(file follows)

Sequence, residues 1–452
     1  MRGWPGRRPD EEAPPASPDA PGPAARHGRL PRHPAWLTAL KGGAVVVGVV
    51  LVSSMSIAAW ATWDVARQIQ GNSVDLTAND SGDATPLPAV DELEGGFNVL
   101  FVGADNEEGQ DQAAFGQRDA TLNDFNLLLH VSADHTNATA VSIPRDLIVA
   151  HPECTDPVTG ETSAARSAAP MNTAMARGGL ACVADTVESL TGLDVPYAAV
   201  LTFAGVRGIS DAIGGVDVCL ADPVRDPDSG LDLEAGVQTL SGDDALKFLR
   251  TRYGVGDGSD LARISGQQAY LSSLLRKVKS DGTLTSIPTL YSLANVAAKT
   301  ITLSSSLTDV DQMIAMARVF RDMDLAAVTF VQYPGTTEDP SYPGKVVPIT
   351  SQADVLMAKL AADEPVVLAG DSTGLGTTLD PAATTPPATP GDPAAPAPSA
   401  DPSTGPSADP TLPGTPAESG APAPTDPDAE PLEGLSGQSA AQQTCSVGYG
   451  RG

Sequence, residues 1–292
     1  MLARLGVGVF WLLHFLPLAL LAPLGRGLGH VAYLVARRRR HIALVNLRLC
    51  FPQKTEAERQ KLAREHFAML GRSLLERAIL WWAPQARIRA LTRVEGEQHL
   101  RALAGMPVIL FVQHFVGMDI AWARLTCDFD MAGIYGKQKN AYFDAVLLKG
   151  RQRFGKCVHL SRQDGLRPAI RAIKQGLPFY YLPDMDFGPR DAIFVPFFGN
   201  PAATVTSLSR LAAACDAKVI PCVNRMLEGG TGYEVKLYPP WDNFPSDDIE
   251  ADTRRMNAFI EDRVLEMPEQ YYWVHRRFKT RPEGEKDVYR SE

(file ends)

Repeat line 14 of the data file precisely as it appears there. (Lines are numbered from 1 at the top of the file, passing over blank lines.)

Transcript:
    51  FPQKTEAERQ KLAREHFAML GRSLLERAIL WWAPQARIRA LTRVEGEQHL